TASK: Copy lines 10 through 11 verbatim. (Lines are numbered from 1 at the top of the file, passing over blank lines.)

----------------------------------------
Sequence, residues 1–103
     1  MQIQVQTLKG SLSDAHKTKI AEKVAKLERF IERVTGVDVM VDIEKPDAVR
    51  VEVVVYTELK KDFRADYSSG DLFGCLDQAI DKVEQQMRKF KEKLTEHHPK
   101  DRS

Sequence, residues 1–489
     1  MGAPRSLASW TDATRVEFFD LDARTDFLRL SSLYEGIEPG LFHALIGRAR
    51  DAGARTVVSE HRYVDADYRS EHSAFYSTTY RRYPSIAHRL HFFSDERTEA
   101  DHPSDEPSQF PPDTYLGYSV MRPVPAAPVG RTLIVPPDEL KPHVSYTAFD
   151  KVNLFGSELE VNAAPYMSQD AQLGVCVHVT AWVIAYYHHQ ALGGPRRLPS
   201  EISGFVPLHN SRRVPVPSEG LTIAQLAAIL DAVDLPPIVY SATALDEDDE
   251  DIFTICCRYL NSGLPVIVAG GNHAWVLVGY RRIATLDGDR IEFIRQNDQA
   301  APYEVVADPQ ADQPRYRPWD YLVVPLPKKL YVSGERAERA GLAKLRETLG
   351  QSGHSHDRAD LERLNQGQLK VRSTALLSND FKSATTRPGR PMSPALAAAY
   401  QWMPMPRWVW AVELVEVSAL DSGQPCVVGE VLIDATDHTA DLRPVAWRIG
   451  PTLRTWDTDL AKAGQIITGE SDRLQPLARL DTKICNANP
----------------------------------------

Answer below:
   201  EISGFVPLHN SRRVPVPSEG LTIAQLAAIL DAVDLPPIVY SATALDEDDE
   251  DIFTICCRYL NSGLPVIVAG GNHAWVLVGY RRIATLDGDR IEFIRQNDQA